My husband and I are thankful that our son is not suffering now, and we pray that if he survives till delivery, the Lord will take him quickly because we couldn't stand to see him suffer. But ultimately that's up to God, not us. We're evangelical Protestants and we believe God is the Giver and Taker of life, and for humans to interfere with that process is nothing but the height of arrogance. We also believe that no matter how short it turns out to be, our son's life has purpose and meaning. If we were to interfere with the natural process of his death, we would be denying him the inherent value of his life. I know the Catholic Church teaches these same concepts, so the Wilsons, as "practicing" Catholics, should have recognized them.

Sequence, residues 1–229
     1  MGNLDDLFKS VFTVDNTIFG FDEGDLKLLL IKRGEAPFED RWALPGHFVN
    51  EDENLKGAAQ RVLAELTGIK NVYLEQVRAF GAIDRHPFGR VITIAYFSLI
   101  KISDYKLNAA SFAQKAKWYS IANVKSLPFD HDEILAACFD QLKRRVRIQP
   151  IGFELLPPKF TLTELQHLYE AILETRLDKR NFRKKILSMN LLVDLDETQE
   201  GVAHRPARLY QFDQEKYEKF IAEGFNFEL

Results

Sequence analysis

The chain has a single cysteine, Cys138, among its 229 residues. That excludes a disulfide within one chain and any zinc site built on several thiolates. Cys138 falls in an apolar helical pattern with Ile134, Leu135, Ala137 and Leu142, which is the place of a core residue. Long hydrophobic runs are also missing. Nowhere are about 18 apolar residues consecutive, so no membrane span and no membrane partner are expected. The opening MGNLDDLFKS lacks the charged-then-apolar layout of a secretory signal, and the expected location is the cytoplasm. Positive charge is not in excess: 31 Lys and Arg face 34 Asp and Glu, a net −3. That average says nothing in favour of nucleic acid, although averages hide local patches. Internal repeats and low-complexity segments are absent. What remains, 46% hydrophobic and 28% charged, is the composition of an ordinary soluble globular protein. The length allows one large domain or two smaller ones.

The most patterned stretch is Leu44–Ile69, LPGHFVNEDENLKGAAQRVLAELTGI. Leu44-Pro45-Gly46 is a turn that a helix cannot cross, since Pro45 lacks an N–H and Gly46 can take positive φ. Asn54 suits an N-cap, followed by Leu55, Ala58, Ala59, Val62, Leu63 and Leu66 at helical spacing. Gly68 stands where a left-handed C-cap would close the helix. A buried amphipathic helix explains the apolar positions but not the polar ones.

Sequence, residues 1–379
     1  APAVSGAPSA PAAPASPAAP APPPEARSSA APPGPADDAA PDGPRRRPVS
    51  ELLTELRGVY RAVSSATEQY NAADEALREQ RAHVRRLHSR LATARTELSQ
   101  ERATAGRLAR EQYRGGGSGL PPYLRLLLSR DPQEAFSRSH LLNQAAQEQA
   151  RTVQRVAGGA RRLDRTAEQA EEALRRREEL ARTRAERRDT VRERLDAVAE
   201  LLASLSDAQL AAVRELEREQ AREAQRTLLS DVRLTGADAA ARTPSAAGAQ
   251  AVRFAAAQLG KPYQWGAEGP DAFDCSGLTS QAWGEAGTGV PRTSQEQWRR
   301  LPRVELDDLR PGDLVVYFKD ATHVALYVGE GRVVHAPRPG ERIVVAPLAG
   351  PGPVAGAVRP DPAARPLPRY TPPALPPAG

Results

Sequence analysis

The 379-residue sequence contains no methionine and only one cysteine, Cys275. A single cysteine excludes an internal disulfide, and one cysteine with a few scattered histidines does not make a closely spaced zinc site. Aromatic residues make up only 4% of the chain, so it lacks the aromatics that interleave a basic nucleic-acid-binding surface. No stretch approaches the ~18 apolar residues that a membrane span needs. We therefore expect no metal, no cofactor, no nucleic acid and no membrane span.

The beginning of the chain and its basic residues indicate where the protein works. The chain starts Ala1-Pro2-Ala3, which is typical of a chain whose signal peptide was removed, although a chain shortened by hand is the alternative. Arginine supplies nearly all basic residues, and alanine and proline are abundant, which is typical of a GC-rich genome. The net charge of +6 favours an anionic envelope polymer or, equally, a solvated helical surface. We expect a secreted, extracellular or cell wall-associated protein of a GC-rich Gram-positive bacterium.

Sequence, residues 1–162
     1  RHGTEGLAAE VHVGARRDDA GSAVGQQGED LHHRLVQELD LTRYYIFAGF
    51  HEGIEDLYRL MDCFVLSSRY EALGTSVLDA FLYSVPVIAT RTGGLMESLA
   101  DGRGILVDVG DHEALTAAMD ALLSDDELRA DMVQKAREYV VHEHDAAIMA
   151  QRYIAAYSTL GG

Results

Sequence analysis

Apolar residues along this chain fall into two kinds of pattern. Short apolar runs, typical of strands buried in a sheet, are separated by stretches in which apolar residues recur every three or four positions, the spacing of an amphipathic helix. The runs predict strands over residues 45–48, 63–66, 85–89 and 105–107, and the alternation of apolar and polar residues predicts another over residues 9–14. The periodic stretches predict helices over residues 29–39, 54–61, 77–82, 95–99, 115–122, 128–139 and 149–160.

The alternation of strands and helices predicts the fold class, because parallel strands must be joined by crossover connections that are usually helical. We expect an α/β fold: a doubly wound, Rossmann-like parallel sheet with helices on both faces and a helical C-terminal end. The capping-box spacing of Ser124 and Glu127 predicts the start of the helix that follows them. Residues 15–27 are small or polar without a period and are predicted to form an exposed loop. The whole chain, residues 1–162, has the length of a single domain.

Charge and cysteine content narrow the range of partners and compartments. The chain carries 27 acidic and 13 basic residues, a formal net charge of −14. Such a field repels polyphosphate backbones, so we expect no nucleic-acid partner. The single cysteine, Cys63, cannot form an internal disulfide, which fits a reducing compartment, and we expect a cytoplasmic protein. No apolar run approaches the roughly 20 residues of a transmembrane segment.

Because Abigail was receiving complete nourishment and comfort from her mother's womb, the most compassionate option (for Abigail) would have been for her mother to carry her to term. Since the Wilsons weren't willing to do that, they easily could have insisted on the C-section instead; they didn't have to listen to their doctor when he said "intact D&E" was the best option. As for future fertility problems, it doesn't make sense to me and actually seems a little puzzling that Viki was worried about not being able to have more kids later on when she was so quick to kill the one she carried in her womb. I get the impression that she only wants more kids as long as they're healthy and whole and have the promise of a normal life expectancy. If they don't meet these criteria, they're condemned.